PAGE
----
But, for me, this goes deeper than that. Those problems both fall under a much wider and more miserable malaise: budget cuts, courtesy of the amalgamation of PSA's motorsport activities.
Colleagues from the Formula E paddocks and cross-country rallying deserts around the world have admitted as much. Where once the group's Paris headquarters was fiercely divided between red and blue - Citroen and Peugeot - there's now one big happy family.
Except the family's getting smaller, courtesy of reported redundancies, and there's less and less happiness about the place - with insiders talking of an atmosphere of fear for the future. Incredible to think that, little more than a decade ago, Peugeot and Citroen ruled the WRC.
What's really at the heart of this issue is the decline of PSA's mainstream product. Not selling enough metal has had a serious and deeply detrimental and - let's be honest, understandable - effect on the motorsport budget.
The return of Les Rouges is in danger of becoming a financially hamstrung French farce.
Citroen's communication is gracious enough to accept all is not rosey in its own garden, but I'm not sure fans truly understand the full extent of the issues the drivers face with the C3 WRC.
How many times this year have we heard the drivers talk of strange handling; of not knowing what the car would be doing? It's been unpredictable in the extreme.
In Sweden, getting through a handful of corners in one piece was an achievement. In Corsica, it was the fastest and finest rally car ever made.
On the face of it, putting Mikkelsen in the car in Italy has cost Meeke his seat in Poland. In reality, it could be the best thing for the Northern Irishman.
Mikkelsen is a world-class driver who will be world champion in the next few years, of that there's no doubt. What he's not is eight minutes off the pace.
We all thought Mikkelsen would land in the C3 WRC, take advantage of his road position and hold a top three place on Friday night.
Being eight minutes down two days later with the only mechanical failure being a broken front diff on Saturday afternoon was not part of the plan.
What happened was that Mikkelsen simply couldn't get comfortable with the car; it was a million miles away from his driving style and nothing could be done about that.
And now he'll have a day's test to dial himself into Poland before Matton asks him to take aim and fire it down the season's scariest stages at 130mph.
On the subject of testing, it's worth noting the lack of diversity in Citroen's test plan last season.
Look, for example, at its Monte Carlo preparations: test one was in... Sanremo.
And throughout last year, there were concerns - including some from the man himself - about one driver (Meeke) playing such a big part in the car's development. It can come as no surprise that the rear of the C3 plays such a big part in the way it drives. That's how he likes it.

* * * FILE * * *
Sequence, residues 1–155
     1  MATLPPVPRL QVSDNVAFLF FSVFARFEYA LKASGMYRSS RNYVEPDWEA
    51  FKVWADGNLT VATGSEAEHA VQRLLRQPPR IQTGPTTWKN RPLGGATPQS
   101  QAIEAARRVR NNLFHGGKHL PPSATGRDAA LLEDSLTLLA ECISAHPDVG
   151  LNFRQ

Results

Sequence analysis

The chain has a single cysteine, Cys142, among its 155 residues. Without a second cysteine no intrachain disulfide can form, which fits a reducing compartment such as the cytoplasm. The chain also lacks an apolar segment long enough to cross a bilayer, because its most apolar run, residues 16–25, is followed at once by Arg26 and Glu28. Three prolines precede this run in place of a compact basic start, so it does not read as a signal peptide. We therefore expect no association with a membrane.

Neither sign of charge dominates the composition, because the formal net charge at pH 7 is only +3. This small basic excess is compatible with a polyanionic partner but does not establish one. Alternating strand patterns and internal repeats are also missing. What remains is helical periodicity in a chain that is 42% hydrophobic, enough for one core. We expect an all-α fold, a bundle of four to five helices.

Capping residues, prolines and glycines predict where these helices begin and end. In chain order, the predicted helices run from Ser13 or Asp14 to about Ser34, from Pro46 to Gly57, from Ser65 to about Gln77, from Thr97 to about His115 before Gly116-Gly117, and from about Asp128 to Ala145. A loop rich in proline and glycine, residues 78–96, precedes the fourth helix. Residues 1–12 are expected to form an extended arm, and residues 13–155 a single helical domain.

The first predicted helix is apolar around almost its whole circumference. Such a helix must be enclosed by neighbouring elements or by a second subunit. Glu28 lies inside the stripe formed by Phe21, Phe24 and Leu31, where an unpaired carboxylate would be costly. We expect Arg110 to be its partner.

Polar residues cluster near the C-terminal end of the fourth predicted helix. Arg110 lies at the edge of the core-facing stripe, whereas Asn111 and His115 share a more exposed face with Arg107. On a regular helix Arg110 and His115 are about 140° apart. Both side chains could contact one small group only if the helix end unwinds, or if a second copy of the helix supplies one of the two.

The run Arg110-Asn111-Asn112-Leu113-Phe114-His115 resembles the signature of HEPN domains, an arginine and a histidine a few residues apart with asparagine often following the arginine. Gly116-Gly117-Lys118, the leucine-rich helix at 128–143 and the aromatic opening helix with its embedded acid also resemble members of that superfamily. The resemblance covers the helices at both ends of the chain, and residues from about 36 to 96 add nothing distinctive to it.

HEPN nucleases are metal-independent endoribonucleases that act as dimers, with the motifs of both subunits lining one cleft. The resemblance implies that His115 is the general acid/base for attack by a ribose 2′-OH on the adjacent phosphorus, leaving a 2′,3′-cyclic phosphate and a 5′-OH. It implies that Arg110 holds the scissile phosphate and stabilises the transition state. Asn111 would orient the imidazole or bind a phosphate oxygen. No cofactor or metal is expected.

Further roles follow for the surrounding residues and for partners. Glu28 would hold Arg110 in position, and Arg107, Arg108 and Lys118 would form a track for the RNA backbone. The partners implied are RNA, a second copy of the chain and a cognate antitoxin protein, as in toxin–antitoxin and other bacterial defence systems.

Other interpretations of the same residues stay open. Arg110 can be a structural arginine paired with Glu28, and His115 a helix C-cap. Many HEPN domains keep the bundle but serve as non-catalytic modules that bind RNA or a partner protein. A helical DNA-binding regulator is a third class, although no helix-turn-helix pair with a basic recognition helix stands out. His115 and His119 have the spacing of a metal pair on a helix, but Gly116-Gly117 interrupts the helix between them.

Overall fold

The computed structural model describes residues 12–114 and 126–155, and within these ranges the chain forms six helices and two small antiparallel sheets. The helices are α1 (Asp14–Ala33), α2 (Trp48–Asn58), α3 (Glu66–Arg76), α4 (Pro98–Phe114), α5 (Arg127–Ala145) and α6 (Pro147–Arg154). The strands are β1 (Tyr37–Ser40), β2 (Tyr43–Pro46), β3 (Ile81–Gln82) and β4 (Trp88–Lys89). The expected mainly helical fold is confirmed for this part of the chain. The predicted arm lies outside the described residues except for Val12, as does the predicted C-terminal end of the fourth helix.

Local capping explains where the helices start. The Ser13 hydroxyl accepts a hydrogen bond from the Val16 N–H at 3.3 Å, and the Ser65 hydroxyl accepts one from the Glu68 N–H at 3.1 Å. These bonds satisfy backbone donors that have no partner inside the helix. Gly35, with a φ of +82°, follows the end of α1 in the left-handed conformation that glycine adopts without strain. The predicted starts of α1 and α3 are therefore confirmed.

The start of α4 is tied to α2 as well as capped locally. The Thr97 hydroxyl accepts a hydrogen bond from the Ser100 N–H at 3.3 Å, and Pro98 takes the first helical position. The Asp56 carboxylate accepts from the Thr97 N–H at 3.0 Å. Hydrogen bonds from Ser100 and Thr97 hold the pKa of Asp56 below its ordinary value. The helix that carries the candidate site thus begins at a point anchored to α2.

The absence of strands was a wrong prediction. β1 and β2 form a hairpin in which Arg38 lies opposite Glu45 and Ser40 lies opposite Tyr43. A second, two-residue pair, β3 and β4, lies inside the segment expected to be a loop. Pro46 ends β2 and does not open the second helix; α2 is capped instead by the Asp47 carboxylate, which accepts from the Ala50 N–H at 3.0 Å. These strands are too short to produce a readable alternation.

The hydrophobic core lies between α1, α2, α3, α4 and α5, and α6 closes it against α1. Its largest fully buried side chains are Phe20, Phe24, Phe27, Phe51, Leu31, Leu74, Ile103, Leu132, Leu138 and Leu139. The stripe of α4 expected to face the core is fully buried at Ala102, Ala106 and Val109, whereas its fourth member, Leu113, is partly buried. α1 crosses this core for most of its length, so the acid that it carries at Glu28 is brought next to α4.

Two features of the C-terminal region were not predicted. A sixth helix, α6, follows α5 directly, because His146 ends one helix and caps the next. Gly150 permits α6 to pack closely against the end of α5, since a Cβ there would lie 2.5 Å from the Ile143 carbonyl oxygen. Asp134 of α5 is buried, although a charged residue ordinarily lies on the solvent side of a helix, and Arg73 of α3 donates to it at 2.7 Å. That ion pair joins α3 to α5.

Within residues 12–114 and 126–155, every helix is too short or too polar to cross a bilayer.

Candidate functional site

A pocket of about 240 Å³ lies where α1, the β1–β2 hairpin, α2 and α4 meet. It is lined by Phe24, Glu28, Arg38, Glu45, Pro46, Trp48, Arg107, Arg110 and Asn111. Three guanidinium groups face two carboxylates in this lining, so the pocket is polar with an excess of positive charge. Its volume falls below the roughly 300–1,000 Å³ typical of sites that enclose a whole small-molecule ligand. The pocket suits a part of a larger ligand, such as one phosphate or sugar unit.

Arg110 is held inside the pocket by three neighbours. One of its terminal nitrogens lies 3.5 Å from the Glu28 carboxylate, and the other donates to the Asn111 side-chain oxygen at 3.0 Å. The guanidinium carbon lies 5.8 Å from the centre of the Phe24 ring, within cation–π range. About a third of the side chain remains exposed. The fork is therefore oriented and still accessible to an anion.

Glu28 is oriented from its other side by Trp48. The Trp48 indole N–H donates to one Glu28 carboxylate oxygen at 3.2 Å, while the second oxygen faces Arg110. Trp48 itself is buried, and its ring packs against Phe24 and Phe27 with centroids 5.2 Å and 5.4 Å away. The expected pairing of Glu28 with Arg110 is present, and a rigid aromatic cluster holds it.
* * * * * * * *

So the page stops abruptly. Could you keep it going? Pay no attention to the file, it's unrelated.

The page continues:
Meeke-bashing has become fashionable, depressingly so among British and Irish fans. I find it laughable that these 'supporters' so quick to laud his Mexican win (even with the final-stage hiccup) are ready to hang him now without anything approaching a full understanding of the bigger picture. Or the kind of driver he is.
Meeke's an all-or-nothing kind of chap. You'll well remember him winning the fastest ever round of the World Rally Championship in Finland last year.
A drive like the one Mikkelsen turned in in Italy (which Citroen rightly labelled as 'constructive and positive') is pretty much beyond Meeke.
What happened when Meeke got his big chance with Citroen? Three stages into the 2013 Rally Finland he was just 1.7s off Sebastien Ogier's scratch time through the Koukunmaa test. A couple of days later he crashed out of fifth place. Next event: Australia, first time there and he wins the qualifying stage. Then crashes. Twice.
Matton gives him the nod for 2014 and what happens? Podium on the Monte and four more podiums for the rest of the season. Next year, wins for the first time. Three-year contract in the pocket at the end of 2015 and two wins from seven starts follow in '16.
What folk don't get is the knife-edge the C3 is putting its drivers on this year.
Talk to any of them off the record and the story's the same. Now, I don't expect Citroen to do its dirty washing in public and turn its Italy release into a warts-and-all transcript of a debrief, but it would be nice if it hadn't chucked one of its own under the bus.
The depth of this current crisis can't be underestimated. A measure of it is reflected in the fact that Meeke hasn't answered one of my 11 calls at the time of writing.
Citroen got it wrong when it didn't take Mikkelsen at the start of the season. But the decision to leave him in the car in place of the team's lead driver - while keeping two junior drivers in place - is stranger still.
By his own admission, Matton couldn't consider benching Breen. He's the squad's top scorer.
But, of the other two, is Meeke or Lefebvre more likely to deliver the required top five in Mikolajkii?
I'd take my chances with Meeke. But then you knew that anyway.